Mind and Minding: Some Eastern and Western Views

  • A. C. Paranjpe


The purpose of this paper is to point out some converging trends in the conceptualization of the mind and the body in the East and the West. It is hoped that a broad common conceptual framework may be constructed on the basis of such converging trends so that it will be possible to meaningfully integrate the insights and techniques of traditional Eastern systems such as Yoga with modern Western approaches to psychosomatics. We begin this crosscultural enterprise with the identification of a common element of several Eastern and Western views of the mind, namely the idea that the mind is a set of processes or activities rather than a substance, or a set of static entities, such as ideas. The “act psychology” of Brentano, functionalism of William James, and symbolic interactionism of G. H. Mead are among the many well-known Western viewpoints which consider mind a set of processes. Instead of following the line of arguments of such relatively older viewpoints, we may view mental processes as a highly complex form of self regulatory functions as suggested by systems theory and cybernetics. The reason to follow this particular approach is that, as will be pointed out later, such a conceptualization is consistant with concepts and techniques of Yoga, an ancient system which has been influential throughout the East.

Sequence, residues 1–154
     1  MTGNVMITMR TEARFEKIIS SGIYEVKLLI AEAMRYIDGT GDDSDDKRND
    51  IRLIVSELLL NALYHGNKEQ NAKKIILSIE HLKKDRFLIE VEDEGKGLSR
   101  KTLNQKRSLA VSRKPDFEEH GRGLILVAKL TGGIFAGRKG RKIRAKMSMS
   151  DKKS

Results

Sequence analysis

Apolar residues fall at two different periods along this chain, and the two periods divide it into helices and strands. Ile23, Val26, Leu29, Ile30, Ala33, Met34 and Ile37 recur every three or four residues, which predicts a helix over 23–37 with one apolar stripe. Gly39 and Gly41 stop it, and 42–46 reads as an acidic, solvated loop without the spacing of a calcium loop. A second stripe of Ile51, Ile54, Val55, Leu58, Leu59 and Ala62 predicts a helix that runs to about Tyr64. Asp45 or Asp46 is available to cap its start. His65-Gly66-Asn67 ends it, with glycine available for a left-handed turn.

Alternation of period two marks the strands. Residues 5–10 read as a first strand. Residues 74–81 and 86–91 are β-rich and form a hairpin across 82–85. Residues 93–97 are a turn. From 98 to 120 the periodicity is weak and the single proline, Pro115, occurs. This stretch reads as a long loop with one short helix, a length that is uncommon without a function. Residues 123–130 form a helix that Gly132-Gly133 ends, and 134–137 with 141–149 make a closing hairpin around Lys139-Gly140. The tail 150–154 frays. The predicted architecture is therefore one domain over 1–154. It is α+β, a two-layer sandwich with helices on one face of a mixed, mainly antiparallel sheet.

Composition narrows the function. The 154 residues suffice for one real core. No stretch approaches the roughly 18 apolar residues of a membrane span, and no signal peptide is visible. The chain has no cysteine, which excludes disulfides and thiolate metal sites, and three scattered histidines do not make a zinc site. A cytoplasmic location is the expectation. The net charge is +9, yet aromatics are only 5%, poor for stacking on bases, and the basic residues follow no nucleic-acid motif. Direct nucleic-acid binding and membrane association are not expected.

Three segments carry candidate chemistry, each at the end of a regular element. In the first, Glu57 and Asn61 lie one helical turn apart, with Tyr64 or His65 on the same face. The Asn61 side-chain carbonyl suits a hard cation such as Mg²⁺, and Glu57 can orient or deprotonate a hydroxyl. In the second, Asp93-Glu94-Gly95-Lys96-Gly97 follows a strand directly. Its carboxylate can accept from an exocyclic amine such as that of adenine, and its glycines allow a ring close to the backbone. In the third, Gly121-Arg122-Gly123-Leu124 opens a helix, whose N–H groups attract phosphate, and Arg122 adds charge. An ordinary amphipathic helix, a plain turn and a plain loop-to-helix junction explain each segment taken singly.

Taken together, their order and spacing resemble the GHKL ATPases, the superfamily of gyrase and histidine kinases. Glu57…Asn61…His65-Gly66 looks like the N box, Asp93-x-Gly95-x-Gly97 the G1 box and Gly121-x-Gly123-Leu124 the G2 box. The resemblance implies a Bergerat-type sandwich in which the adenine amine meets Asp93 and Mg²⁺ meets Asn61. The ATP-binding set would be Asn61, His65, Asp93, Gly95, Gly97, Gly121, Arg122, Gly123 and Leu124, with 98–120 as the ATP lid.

Psychosomatic Medicine Indian Philosophy Downward Causation Steam Engine Western Approach 
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Copyright information

© Plenum Press, New York 1983

Authors and Affiliations

  • A. C. Paranjpe
    • 1
  1. 1.Psychology DepartmentSimon Fraser UniversityBurnabyCanada

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